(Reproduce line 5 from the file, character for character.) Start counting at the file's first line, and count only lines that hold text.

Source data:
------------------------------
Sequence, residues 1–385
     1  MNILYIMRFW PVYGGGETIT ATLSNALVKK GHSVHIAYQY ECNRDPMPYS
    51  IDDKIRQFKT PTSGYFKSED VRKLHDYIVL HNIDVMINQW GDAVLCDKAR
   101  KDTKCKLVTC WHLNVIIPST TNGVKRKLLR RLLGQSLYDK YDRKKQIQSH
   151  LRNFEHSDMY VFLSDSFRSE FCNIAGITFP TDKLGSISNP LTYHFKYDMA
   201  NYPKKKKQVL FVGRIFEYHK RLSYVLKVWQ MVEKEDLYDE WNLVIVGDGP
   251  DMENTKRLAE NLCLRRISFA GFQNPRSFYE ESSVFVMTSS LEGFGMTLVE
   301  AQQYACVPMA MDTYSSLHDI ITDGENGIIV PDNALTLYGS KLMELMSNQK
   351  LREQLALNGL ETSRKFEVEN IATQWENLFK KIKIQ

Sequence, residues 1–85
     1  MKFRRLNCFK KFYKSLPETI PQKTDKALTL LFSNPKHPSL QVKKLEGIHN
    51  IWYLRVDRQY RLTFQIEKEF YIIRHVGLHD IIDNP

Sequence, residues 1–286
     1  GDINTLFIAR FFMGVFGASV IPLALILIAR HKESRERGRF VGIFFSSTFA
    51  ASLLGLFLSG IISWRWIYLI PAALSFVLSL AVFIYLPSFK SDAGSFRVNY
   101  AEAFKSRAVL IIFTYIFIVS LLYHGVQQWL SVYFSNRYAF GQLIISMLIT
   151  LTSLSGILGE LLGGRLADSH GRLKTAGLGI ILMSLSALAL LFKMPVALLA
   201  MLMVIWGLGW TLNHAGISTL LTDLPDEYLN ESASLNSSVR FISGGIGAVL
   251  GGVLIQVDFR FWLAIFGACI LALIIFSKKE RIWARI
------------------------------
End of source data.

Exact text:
   151  LRNFEHSDMY VFLSDSFRSE FCNIAGITFP TDKLGSISNP LTYHFKYDMA